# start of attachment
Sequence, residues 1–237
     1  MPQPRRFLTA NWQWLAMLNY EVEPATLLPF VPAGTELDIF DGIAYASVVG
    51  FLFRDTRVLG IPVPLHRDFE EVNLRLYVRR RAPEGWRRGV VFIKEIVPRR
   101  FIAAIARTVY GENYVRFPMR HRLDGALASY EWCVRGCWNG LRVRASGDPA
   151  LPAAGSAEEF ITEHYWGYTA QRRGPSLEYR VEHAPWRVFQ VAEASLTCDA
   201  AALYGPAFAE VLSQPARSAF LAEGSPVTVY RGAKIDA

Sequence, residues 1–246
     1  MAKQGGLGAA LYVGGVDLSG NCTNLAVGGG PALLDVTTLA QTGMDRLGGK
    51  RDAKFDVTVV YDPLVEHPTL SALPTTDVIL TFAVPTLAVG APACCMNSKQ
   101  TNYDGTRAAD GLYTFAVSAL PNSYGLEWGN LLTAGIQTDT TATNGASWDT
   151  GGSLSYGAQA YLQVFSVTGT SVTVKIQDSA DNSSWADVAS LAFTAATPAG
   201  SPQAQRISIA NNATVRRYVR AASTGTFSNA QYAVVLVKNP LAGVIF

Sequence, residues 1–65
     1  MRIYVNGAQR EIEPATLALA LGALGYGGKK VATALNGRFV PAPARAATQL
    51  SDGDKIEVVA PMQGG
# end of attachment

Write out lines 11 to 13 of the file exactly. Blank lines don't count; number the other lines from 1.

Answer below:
   151  GGSLSYGAQA YLQVFSVTGT SVTVKIQDSA DNSSWADVAS LAFTAATPAG
   201  SPQAQRISIA NNATVRRYVR AASTGTFSNA QYAVVLVKNP LAGVIF

Sequence, residues 1–65